How to Recycle Your Stuff With Care

How to Recycle Your Stuff With Care
  • Opening Intro -

    You have just finished decluttering your home or have recently completed a renovation project.

    Barrels and boxes of stuff are just waiting to be disposed of, but that pile of junk is not suited for the town dump.

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At least you would prefer not to compound your area’s garbage problem by adding in your own debris.

Fortunately, what appears to be junk to you may be useful for someone else. Its a matter of sending your stuff to the right place, provided you take some time to direct it correctly. Read on and we’ll look at the various items that can be reused elsewhere.

Cell Phones

Sign up for a new cell phone plan and your old cell phone will likely be turned off and placed in a draw out of the way. Accumulate enough of these devices and you’ll soon be over run by a legion of formerly used phones.

The easiest way to dispose of your old phone is to give them to your carrier. Many cell phone service providers take these phones, clean them up and donate them to military personnel, battered woman’s homes and other organizations. Make good use of you what you no longer use by making a donation today.

Personal Computers

Old computers can be recycled and reused, cannibalized for parts and put in to use once again. Your town may collect them, but you can ensure that your PCs are used once again by contacting local retailers that accept them.

Companies such as Sony, Sharp and Samsung have permanent drop off sites for recycling. Panasonic does the same and also promotes special recycling events. Dell makes it possible to ship your own computer to them while Staples and Best Buy will accept your machines.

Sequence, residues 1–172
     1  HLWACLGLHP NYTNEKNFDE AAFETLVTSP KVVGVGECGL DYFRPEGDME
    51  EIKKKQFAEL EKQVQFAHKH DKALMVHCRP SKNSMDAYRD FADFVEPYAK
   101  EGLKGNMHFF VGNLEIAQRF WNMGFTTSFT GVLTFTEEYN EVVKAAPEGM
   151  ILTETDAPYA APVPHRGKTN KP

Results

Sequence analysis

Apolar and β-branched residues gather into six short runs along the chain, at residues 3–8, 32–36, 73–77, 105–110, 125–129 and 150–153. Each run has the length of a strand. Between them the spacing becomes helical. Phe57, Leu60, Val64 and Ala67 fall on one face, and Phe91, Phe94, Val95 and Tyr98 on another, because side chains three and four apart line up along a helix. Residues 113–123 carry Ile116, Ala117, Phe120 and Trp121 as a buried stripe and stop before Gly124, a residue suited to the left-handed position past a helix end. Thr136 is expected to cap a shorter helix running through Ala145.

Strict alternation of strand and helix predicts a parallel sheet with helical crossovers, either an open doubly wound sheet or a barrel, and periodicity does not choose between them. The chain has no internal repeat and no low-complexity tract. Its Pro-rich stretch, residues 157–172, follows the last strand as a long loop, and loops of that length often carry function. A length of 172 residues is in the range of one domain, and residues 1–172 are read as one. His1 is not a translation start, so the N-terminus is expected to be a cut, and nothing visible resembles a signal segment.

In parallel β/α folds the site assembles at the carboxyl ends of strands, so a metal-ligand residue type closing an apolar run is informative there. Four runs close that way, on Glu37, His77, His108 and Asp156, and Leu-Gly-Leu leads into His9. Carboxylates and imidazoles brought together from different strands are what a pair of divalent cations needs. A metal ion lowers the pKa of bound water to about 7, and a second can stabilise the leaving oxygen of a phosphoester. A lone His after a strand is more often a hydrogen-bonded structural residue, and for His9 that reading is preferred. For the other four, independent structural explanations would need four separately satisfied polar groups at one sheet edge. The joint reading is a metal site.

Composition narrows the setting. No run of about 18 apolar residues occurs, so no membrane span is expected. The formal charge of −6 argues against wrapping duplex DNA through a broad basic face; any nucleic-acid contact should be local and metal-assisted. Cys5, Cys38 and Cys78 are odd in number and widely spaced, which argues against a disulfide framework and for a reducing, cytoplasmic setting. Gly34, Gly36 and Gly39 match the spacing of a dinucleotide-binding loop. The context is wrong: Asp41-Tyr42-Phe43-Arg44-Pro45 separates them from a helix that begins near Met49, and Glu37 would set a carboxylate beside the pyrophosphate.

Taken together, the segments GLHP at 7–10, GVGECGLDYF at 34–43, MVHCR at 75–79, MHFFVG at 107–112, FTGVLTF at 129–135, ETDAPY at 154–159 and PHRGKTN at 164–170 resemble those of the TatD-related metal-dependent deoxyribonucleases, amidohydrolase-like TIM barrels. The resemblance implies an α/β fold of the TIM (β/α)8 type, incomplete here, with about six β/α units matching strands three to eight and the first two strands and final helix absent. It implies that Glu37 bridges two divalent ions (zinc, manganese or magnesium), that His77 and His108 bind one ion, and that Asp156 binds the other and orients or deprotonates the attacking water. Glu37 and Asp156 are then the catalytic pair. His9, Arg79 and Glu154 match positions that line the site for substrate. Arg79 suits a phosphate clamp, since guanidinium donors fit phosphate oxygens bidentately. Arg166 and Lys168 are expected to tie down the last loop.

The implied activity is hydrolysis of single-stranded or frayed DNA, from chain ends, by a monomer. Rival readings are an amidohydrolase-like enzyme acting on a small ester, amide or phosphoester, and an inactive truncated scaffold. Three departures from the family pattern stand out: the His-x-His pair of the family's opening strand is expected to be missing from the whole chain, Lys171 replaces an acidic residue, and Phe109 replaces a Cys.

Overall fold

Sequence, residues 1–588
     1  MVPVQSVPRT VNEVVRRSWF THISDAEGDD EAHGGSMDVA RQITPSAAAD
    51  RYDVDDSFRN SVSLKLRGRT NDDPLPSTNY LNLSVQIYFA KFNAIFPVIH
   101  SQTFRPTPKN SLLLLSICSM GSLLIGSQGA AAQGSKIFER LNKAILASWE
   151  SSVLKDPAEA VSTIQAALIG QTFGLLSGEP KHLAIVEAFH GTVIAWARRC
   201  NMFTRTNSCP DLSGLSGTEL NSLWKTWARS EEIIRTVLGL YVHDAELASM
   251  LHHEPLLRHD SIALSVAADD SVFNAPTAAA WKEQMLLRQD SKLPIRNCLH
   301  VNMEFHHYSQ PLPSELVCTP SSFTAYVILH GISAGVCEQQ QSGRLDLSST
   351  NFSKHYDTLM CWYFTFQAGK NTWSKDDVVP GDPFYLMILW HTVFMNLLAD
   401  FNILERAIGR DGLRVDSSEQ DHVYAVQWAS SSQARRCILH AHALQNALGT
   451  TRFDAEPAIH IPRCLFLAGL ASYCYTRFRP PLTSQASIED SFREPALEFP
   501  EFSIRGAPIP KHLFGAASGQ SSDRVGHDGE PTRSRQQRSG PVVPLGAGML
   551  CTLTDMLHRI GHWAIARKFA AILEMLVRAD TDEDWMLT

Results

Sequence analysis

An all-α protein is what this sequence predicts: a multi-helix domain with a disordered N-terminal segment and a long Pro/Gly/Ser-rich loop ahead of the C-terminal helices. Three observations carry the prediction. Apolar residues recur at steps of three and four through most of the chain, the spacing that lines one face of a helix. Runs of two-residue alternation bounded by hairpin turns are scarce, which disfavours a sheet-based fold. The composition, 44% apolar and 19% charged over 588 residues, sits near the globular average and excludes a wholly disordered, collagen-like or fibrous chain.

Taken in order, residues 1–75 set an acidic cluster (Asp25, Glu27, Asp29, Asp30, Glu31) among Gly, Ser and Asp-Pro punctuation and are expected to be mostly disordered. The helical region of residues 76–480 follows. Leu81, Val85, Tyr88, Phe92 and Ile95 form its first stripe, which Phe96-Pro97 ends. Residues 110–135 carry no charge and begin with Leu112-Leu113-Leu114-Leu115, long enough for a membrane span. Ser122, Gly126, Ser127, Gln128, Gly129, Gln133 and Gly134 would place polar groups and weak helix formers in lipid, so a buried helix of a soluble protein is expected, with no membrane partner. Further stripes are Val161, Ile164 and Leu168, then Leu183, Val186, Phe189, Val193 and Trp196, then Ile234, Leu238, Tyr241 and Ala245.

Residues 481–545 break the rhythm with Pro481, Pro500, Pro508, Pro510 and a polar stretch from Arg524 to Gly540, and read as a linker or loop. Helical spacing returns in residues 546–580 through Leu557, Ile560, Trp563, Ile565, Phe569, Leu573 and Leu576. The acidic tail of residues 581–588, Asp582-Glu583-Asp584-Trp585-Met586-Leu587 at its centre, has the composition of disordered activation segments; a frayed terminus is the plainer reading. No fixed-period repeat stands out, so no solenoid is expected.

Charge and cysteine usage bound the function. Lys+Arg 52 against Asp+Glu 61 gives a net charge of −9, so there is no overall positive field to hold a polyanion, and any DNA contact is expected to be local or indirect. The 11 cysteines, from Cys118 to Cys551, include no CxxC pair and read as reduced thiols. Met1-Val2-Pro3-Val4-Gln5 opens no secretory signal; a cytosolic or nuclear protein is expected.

Old Clothes

Many organizations will take your old clothes, especially clean and useful items for men and women as well as for boys and girls. Homeless shelters, the Salvation Army, Goodwill, and some churches will accept what you have.

Consider donating clothes that match the upcoming season. Giving away a winter coat in the spring means that it won’t find a home for another six months. The same can be said for summer gear which isn’t particularly useful in Jan.

You may also be eligible to take your clothing donations as a tax deduction. Ask the charity for a receipt and save that information for tax time.

Building Materials

Quite easily, you could put your building materials by the curb, post a “free” sign and watch as people rummage through your stuff. Just as easily you might annoy your neighbors or face the wrath of your building association or town.

List what you have on Freecycle.org, a website that promotes the sharing of stuff between neighbors, even distant community members. If you have newer stuff, such as home goods that are less than five years old, your local Habitat for Humanity ReStore may want to take your stuff.

Sports Equipment

Your children are growing up so fast! And that may mean that they’re outgrowing their cleats, shin guards, shirts, pants and other sports gear before they wear out. Why not pass these items on to a child that could use what you no longer need?

The easiest way here is to pass these items to someone you know. Or, you could donate sports gear to your church or to your local athletic league. You might also consider Sports Gift, whose mission is to supply children around the world with sporting gear.

Other Stuff

There are many other items you may need to find a home for, things that can be moved out by holding a yard or a garage sale or by giving to someone you know personally.

Old books in very good condition can be donated to school and public libraries. Eyeglasses can be dropped off at optician’s offices and given to people in need. Lastly, ink cartridges can usually be returned to the manufacturer.

See AlsoGot Junk? Get Organized!

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Categories: Green Home

About Author

Matthew C. Keegan

Matt Keegan is a freelance writer and editor as well as publisher of "Auto Trends Magazine", an online publication. Matt covers campus, consumer, business and financial topics on various websites and weblogs, and has been published in the "Houston Chronicle", "Sam's Club Magazine" and "Wisconsin Golfer".